While Latin music artists based in metropolitan cities such as Miami, Buenos Aires, and Mexico D.F. get all the press, it is the Regional Mexican groups are the ones that actually sell records. Case in point, Ramon Ayala. For over 40 years, Ramon Ayala, also known as “El Rey Del Acordeon” (The King Of The Accordion), has been selling out arenas in both Mexico and in the United States. He has over 105 releases, most of which sell in the 250,000 to 750,000 units. He’s been in thirteen movies and is a multiple Grammy winner. During his sold out show at The Gibson Theatre on Saturday, Ramon packed his two-hour set with hit after hit and had the crowd singing along to every song. Ramon played a few Los Relampagos Del Norte songs, a group he had in the sixties with the late great Bajo Sexto guitarist & vocalist, Cornelio Reyna, before forming Ramon Ayala y Sus Bravos Del Norte in 1971.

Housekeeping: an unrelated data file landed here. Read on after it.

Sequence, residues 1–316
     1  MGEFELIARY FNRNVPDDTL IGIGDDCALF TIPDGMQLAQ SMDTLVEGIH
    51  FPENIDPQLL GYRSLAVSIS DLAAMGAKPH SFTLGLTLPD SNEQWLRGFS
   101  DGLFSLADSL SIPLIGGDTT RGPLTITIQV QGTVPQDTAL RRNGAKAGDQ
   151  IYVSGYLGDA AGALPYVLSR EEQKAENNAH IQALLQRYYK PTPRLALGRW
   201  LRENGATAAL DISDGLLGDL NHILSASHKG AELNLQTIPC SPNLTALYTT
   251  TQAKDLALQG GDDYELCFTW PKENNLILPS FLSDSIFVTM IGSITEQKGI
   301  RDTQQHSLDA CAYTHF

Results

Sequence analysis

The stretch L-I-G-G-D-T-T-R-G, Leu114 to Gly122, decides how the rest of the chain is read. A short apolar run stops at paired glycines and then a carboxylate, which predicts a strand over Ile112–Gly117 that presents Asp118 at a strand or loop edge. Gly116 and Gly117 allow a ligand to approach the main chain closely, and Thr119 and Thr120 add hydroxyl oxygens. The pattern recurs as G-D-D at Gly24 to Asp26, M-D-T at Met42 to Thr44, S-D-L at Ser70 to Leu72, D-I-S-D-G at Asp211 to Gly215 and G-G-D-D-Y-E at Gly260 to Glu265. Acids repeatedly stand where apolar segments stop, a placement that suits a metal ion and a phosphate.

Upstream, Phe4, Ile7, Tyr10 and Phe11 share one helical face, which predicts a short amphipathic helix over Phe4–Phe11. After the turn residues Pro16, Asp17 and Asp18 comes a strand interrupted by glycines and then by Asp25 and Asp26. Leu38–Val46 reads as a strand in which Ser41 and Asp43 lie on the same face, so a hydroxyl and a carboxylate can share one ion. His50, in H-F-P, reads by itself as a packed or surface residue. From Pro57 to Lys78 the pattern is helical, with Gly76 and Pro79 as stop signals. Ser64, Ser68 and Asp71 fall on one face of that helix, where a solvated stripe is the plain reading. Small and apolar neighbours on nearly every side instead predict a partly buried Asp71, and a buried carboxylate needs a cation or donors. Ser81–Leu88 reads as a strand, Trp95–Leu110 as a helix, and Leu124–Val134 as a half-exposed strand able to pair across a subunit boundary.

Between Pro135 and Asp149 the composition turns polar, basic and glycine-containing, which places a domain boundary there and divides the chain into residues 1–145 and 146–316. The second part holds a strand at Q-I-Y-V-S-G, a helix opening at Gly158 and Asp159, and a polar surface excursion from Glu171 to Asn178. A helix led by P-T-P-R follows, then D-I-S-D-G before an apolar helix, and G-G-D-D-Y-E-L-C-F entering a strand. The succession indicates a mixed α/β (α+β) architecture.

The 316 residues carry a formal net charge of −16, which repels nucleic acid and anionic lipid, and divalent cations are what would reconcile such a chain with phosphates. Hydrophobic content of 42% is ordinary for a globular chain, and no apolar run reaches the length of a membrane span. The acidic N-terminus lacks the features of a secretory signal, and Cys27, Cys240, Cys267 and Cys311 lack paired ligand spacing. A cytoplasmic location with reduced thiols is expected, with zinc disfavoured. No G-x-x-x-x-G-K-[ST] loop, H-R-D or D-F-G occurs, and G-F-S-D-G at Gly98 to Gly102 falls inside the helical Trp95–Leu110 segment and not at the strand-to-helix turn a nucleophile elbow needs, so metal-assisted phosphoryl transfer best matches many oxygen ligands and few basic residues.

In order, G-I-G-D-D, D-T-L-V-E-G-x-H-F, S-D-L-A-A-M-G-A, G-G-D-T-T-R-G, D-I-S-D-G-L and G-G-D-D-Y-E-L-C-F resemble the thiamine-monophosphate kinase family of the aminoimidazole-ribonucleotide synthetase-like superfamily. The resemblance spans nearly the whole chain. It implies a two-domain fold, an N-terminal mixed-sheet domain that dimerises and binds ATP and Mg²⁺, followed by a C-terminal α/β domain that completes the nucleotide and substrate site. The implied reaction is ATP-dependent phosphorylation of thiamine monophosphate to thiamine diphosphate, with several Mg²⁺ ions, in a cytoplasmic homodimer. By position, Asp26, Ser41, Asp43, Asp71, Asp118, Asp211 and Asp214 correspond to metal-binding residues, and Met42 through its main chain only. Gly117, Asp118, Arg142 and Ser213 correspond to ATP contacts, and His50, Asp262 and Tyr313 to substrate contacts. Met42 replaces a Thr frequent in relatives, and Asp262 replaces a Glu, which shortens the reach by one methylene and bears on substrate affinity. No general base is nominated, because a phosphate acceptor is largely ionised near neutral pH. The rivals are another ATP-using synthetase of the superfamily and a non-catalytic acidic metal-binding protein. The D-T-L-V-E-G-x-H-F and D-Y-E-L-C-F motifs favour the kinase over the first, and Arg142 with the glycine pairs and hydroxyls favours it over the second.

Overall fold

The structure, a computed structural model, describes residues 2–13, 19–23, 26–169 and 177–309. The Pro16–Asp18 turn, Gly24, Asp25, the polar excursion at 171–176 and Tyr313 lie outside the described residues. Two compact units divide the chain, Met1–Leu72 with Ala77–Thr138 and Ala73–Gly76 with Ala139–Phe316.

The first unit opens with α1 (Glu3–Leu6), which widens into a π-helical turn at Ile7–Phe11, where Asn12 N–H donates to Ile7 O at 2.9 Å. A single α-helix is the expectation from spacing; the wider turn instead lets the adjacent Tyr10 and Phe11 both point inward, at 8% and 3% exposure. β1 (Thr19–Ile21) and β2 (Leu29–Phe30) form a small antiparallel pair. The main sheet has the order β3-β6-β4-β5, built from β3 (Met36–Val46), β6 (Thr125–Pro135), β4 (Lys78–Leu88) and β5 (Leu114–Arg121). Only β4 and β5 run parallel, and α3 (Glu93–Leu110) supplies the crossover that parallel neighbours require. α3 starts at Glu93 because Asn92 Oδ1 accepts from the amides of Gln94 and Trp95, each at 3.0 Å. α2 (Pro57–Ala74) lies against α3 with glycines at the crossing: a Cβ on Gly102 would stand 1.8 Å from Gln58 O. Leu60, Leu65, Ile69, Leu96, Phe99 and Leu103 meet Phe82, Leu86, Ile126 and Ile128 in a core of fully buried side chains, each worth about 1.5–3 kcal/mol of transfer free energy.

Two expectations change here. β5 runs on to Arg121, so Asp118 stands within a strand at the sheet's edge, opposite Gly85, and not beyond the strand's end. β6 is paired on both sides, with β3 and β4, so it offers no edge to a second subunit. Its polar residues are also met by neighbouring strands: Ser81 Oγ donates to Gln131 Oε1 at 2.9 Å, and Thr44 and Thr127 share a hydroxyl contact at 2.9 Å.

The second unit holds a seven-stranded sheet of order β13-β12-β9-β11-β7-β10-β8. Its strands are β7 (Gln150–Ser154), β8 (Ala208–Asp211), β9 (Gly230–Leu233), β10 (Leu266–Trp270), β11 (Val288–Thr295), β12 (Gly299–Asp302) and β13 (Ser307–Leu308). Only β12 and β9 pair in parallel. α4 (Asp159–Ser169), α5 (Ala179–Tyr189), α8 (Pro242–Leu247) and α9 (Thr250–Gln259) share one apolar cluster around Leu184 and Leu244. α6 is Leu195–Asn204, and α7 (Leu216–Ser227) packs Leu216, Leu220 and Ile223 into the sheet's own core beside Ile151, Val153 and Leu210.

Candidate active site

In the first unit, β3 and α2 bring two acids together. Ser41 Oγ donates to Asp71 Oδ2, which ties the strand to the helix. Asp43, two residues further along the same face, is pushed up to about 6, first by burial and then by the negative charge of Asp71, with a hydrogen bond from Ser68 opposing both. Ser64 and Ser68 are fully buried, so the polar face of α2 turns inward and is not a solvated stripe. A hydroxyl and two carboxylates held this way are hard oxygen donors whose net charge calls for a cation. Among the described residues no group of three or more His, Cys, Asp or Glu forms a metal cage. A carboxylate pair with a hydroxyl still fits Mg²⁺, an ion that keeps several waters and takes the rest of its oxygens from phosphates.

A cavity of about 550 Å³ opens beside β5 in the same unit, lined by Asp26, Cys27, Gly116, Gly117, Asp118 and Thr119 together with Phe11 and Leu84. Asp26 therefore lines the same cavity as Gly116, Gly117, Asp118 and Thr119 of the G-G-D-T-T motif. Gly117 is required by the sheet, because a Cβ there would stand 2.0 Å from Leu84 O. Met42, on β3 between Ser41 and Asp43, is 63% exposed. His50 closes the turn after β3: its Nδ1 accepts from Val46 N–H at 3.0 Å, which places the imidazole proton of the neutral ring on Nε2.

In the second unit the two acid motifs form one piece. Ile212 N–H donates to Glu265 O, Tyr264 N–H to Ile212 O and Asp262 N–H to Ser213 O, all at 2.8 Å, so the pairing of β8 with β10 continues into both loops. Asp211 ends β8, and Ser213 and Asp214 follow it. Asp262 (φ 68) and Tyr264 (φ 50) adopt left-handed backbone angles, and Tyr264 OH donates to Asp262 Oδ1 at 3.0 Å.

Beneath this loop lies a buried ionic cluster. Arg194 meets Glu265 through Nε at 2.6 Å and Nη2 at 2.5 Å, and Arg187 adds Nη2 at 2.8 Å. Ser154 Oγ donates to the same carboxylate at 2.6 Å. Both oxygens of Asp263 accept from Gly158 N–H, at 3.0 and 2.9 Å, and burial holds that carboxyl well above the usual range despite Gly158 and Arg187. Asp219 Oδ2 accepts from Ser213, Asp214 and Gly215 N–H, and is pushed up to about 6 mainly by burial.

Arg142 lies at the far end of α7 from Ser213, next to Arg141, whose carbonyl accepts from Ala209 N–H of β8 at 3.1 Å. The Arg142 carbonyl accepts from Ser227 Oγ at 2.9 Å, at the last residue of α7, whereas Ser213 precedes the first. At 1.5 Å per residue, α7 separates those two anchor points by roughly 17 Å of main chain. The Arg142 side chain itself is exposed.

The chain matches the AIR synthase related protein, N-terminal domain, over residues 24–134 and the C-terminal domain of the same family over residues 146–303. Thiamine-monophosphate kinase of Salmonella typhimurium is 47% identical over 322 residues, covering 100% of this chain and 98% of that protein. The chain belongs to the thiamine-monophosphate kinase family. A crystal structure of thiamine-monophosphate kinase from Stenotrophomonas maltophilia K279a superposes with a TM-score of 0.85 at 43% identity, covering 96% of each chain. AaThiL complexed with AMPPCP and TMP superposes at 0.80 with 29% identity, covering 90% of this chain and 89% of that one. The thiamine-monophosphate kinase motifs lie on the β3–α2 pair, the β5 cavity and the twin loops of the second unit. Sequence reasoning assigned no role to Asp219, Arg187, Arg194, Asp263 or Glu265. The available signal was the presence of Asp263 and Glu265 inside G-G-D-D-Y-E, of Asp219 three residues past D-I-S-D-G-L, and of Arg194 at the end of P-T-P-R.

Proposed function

I was a little lost at this show. I’m only familiar with the early Ramon Ayala solo work. It’s like if you went to see Merle Haggard but were only familiar with a couple of his songs. He played the songs I knew, such as "Un Rinconcito En El Cielo," "Chaparra De Mi Amor" and his version of "Golondrinas," all which I have on his Greatest Hits CD that didn’t leave my car's CD player for a month. Why was it in my car CD player that long? Because of heartbreak, that’s why. When the girl (or guy) you love doesn’t love you back, nothing is better than blasting Ramon Ayala and singing the words on the top of your lungs. When he went into "Chaparra De Mi Amor," I sang loudly with everyone else and relived that pain of rejection. It’s funny because the cause of my great pain and heartache was with me at the show. She is my girlfriend now. I think she takes great joy in remembering how much she made me suffer.
It was a good time. So many Mexicanos in one place and more Pelones than a Psycho Realm show. I also liked the fact that some of the male audience members had the same sideburns as Ramon. Now, that’s a tribute!